I mean, I really do try. And I really believe deeply that kids are gentlehearted creatures that need lots of demonstrations of love, and an empathetic ear, and good models of self control and expected behavior, and care for their souls. But gosh, sometimes I sure get tired of the parenting holier than holies. Raise your kids in the manner you see fit! But sometimes on blogs or parenting sites or the comments sections of FB or other articles, the didacticism comes out. You know, the tyrants. I read somewhere recently someone posted a comment to the effect that parents who feed their kids MacDonald's should be charged with child abuse. MWHAAA? Or one of the blogs I follow has this on her heading:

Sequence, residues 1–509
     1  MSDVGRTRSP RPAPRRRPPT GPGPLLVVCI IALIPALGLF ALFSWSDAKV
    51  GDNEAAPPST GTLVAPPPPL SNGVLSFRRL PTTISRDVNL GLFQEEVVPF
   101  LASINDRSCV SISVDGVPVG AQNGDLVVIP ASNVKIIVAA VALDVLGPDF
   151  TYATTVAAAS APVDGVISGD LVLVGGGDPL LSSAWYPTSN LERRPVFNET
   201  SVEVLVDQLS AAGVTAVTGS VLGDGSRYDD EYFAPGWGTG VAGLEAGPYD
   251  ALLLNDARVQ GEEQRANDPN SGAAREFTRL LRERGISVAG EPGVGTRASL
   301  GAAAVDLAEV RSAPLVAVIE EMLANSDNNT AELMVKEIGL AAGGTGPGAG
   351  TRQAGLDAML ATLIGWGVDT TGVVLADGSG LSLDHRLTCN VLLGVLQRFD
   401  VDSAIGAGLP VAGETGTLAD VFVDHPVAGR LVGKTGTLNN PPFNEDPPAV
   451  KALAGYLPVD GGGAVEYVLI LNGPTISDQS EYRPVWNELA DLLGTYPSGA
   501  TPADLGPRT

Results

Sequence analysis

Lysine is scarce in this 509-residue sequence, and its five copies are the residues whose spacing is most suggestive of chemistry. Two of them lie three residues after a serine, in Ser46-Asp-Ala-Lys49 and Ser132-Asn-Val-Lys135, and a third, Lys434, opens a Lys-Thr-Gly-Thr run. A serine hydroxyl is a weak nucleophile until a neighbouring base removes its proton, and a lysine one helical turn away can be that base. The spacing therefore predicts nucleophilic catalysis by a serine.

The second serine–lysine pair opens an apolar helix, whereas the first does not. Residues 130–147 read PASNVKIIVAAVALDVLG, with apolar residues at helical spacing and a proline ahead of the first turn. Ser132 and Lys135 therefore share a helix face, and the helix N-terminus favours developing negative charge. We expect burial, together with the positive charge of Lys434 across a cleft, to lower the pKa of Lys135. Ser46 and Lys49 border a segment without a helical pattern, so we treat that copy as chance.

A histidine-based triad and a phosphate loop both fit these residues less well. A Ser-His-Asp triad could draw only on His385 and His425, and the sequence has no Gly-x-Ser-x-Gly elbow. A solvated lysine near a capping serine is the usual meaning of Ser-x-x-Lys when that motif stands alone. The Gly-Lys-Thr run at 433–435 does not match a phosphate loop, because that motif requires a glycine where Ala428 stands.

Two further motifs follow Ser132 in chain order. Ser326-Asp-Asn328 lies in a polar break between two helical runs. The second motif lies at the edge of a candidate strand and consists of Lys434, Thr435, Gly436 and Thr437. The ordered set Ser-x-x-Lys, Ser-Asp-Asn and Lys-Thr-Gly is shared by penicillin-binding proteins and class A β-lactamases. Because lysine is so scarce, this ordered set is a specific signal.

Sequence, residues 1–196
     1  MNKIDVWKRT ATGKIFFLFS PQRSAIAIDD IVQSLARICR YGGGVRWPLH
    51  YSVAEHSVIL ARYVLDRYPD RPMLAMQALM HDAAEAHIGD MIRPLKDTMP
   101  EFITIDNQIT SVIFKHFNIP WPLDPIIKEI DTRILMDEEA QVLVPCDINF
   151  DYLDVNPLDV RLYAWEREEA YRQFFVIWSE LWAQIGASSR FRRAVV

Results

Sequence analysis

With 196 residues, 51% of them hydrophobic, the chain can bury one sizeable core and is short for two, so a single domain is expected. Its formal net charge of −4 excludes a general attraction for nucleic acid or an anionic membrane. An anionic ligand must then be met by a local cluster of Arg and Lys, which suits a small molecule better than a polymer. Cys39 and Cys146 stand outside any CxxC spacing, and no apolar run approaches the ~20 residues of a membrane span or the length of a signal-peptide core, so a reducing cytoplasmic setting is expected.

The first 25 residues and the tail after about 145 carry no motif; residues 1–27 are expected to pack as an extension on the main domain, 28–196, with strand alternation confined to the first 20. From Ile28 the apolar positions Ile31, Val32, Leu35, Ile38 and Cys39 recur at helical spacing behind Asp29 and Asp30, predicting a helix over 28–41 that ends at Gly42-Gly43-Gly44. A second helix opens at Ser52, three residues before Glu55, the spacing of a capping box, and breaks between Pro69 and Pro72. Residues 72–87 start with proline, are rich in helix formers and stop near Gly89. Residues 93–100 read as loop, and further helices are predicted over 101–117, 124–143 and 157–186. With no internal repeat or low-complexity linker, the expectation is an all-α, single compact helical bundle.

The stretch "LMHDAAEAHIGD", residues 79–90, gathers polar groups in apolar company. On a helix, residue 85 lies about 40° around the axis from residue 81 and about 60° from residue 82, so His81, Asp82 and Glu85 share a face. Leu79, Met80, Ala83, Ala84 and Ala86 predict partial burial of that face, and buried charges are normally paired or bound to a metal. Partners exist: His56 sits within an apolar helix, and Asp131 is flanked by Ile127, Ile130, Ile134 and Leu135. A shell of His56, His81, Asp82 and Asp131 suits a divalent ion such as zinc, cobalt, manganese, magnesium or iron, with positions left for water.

Of course, she is free to post whatever she wants on her blog, and I'm free to read it or pass it by. I am not really saying she shouldn't SAY whatever she wants to say, but then I'm wishing on the other hand that we would all just be a little more flexible. I mean, I might not have a lily white arse, for one thing. I'm sure lots of different coloured people let their babies cry themselves to sleep. But what starts as a philosophy somehow turns into religious dogma. And I hate the implication that there is ONE BEST WAY to do anything, including raise kids. There are lots of good ways. There are lots of bad ways too, I suppose. But no matter how close we hold our parenting philosophies to our hearts, in the end we're all just guessing. If this is God's design, would He not necessarily have added in flexibility in children, to grow and thrive under a variety of conditions and parenting styles? There are absolutes. For sure. There are bottom lines. But are they as high up or as universal or as important as they are touted to be? I sure hope not. Otherwise I FAIL.